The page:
Alex Sink feels regret.
That's understandable when you come within 1 percentage point of being elected governor of Florida.
The Democratic former chief financial officer lost the 2010 race for governor to Republican Rick Scott by that margin.
She lost by 61,550 votes out of more than 5 million cast, in a year that was disastrous for Democrats, not just in Florida but all over the country.
"Some days I wake up and I think, 'Why couldn't I find those extra 60,000 votes?' " Sink says. "And with a great sense of regret that we didn't get the Democratic turnout, particularly in South Florida. It was very low. But then the next day, I wake up and say, 'How in the hell did I come so close?' "
Sink lost to a political neophyte who spent $73 million of his own money, most of it on TV ads, and whose popularity remains low.
Sink is back on the speaking circuit. She has launched a nonprofit think tank, the Florida Next Foundation (FloridaNext.org), to promote a Democratic agenda on issues affecting families and small businesses.
Lately, she sounds like she wants a rematch with Scott.
"Of course, I've thought about it," Sink said. "Many, many people are encouraging me. Even strangers who I've never met before would like to see me back."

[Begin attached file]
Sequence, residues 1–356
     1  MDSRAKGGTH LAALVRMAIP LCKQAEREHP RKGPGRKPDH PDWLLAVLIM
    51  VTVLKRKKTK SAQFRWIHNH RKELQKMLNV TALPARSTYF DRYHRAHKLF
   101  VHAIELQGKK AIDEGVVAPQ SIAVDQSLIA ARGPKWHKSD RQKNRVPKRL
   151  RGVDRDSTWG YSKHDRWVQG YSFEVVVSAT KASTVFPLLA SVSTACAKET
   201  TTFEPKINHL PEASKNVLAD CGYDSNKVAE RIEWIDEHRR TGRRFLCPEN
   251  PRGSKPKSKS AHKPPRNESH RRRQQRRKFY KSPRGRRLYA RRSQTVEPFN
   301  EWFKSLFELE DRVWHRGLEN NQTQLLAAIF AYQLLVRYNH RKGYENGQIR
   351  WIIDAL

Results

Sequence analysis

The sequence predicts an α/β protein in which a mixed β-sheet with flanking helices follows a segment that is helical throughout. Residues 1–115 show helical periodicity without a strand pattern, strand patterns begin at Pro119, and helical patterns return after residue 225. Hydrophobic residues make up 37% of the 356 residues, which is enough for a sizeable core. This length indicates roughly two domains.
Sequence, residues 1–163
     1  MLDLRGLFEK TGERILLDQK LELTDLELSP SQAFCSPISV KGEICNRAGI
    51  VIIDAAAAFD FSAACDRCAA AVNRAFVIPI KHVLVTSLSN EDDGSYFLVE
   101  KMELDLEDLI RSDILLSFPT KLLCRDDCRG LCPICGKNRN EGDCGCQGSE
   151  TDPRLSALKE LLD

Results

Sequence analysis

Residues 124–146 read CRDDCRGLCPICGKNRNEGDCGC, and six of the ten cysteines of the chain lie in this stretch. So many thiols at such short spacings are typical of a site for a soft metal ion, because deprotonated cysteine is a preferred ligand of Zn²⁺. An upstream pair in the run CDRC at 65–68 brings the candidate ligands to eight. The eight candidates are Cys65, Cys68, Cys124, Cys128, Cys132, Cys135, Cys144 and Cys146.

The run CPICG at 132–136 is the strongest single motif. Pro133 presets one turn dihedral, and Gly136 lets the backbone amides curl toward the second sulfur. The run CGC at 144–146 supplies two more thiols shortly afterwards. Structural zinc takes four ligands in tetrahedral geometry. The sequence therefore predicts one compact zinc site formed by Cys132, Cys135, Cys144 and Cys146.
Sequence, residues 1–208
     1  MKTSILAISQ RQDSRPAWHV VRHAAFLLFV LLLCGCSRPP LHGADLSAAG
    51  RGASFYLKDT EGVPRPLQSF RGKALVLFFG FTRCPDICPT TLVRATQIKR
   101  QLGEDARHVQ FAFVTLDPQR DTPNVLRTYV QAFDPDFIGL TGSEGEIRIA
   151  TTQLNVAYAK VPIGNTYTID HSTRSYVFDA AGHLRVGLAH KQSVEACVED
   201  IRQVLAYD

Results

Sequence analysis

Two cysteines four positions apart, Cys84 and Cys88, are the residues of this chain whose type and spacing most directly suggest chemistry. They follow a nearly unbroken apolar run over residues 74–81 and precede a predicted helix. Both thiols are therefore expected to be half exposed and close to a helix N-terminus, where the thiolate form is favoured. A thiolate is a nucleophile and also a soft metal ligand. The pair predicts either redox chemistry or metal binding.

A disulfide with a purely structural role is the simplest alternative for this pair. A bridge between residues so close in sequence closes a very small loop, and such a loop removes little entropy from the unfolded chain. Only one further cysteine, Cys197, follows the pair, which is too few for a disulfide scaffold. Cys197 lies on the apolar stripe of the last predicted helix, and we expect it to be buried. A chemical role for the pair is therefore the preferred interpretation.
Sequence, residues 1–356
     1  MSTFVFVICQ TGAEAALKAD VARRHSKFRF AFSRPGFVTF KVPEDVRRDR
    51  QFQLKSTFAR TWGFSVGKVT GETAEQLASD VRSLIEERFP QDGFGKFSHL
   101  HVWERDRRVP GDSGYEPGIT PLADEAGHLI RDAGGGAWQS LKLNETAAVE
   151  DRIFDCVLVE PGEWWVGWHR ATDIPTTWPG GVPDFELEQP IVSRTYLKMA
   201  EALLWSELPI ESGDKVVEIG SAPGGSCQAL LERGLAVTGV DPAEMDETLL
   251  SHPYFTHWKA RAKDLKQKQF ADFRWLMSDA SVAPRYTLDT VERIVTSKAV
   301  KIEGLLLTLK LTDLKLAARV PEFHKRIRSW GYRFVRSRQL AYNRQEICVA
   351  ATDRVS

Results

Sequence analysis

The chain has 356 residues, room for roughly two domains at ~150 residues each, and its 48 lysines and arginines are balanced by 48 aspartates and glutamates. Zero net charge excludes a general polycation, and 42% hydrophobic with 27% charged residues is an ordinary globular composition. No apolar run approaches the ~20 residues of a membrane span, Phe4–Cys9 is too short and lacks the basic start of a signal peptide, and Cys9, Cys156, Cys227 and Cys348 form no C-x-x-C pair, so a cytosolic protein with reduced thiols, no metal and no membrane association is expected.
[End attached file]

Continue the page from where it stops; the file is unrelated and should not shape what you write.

In a recent appearance on public television's Florida This Week on WEDU, Sink showed a flash of the fire that often seemed missing in her campaign against Scott.
When moderator Rob Lorei asked Sink if she would have turned down billions of federal dollars for a high-speed rail system as Scott did, she looked into the camera and said, "Hell, no!"
The fact that Sink sounds serious about running for governor again worries some Democrats, who think the party definitely should look elsewhere.
"It would be difficult for her to run against the same person, having run and lost," says Rep. Rick Kriseman, D-St. Petersburg. "Typically when a person takes another shot, it isn't against the same person they ran against."
Kriseman says the weak turnout in South Florida, especially in the liberal bastion of Broward, is a sign of Sink's shortcomings.
"She didn't do anything to energize the Democratic base," Kriseman says. "They stayed home. You can't take the base for granted."
Kriseman, policy chairman of the House Democratic Caucus in Tallahassee, pushed for the group to adopt guiding principles because too few Floridians know exactly what it means to be a Democrat.
"I blame myself and every other elected Democrat for that," Kriseman says.
For Democrats, confronting their party's shortcomings is a good place to begin as they look to 2014.
The Democrats have a bigger problem: a lack of experienced and attractive candidates to put up for statewide office.
That's why you hear names like former Gov. Charlie Crist being tossed around as a possible Democratic candidate next time.
A leading Republican, Sen. John Thrasher, a former state GOP chairman, beamed at the prospect that Sink might run for governor again.
Said Thrasher: "That would be the best opponent we could ever have."
Reporter Steve Bousquet can be reached at firstname.lastname@example.org or (850) 224-7263.